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NOAA Photo Library via Flickr CC

The Air Force has developed a new strategy to increase its capability to fight a war in space. Air Force Chief of Staff Gen. David L. Goldfein said the changes announced Tuesday were to "ensure we can organize, train, and equip our space forces to have the skills necessary to operate in a contested environment, defend our systems, and assure space missions and space superiority."

Context: Congress has been pressuring the Air Force to take a potential war in space more seriously, and Mike Rogers, chairman of the House Armed Services strategic forces subcommittee, has even called for the development of a "Space Force" separate from the Air Force. As Rogers said: "It is all too clear that our military is not organized and prepared to fight and win a war in space."

Why it matters: Retired Major General Charlie Dunlap tells Axios:

"A key reason that the US military is the dominant armed force in the world today is space. So much of what makes it uniquely lethal is its ability to use satellites not only to gather intelligence from every place on the planet, but also to instantly command and control its forces anywhere on the globe. In addition, precision-guided weapons use global positioning satellites to precisely apply force."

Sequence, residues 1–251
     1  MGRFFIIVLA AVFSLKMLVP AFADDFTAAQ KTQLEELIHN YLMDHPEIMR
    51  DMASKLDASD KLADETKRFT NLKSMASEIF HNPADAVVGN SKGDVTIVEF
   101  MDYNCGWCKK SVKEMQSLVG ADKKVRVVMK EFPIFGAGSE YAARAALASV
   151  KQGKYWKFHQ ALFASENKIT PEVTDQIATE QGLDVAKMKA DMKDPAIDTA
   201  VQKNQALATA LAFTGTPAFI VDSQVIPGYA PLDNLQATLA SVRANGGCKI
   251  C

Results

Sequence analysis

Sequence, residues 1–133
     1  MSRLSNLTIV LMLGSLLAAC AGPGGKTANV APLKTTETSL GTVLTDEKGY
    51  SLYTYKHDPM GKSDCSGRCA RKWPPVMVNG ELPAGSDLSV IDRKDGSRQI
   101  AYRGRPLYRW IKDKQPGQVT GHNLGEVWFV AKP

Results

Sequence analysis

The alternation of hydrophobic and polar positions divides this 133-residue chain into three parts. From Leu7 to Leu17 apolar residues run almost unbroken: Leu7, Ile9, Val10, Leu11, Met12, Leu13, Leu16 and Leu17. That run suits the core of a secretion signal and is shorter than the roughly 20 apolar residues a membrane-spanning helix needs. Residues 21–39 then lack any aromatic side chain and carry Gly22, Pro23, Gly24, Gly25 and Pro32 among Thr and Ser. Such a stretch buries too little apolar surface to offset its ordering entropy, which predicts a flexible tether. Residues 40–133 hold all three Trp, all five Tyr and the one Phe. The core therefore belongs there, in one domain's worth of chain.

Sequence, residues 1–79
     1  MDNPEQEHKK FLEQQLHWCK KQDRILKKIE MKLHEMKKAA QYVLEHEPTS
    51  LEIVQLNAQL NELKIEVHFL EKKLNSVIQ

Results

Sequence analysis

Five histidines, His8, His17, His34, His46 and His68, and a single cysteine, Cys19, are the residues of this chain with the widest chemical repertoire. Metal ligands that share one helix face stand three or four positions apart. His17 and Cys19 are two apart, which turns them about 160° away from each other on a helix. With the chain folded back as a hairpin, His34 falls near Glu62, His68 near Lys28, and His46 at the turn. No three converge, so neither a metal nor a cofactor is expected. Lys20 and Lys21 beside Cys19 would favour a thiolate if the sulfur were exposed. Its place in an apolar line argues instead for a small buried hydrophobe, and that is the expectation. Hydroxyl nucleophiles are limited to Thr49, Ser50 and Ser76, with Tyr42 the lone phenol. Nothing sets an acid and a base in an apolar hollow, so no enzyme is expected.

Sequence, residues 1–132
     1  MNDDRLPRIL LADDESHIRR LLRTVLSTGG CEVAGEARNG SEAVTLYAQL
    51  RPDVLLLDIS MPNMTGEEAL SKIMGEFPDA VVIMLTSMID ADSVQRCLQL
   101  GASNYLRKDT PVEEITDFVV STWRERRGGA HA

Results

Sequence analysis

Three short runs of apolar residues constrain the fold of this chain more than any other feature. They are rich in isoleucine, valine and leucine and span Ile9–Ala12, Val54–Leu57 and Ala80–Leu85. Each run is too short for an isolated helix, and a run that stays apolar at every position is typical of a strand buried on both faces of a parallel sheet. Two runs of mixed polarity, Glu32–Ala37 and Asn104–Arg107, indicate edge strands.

• Threats: Russia and China are increasingly militarizing their space capabilities, and Russia in particular "represents a clear and present danger," according to Defense One. Military.com reports that space operators have seen adversaries attempting to disrupt U.S. signals in recent years.
  • Vulnerabilities: "It's not too much to say that the loss of our space assets would be devastating for our economy," Dunlap said. An inability to fight in space could lead to attacks on U.S. military and government satellites or GPS systems, for example, which are essential for cell phones and transportation.

1 fun thing: Space weapons can include satellite jammers, lasers, and high-power microwave gun systems, per CNBC.

Go deeper

In photos: D.C. and U.S. states on alert for pre-inauguration violence

National Guard troops stand behind security fencing with the dome of the U.S. Capitol Building behind them, on Jan. 16. Photo: Kent Nishimura / Los Angeles Times via Getty Images

Security has been stepped up in Washington, D.C., and state capitols across the U.S. as authorities brace for potential violence this weekend.

Driving the news: Following the Jan. 6 insurrection at the U.S. Capitol by some supporters of President Trump, the FBI has said there could be armed protests in D.C. and in all 50 state capitols in the run-up to President-elect Joe Biden's inauguration Wednesday.

13 hours ago - Politics & Policy

The new Washington

Illustration: Sarah Grillo/Axios

The Axios subject-matter experts brief you on the incoming administration's plans and team.

Rep. Lou Correa tests positive for COVID-19

Lou Correa. Photo: Tom Williams/CQ-Roll Call, Inc via Getty Images

Rep. Lou Correa (D-Calif.) announced on Saturday that he has tested positive for the coronavirus.

Why it matters: Correa is the latest Democratic lawmaker to share his positive test results after last week's deadly Capitol riot. Correa did not shelter in the designated safe zone with his congressional colleagues during the siege, per a spokesperson, instead staying outside to help Capitol Police.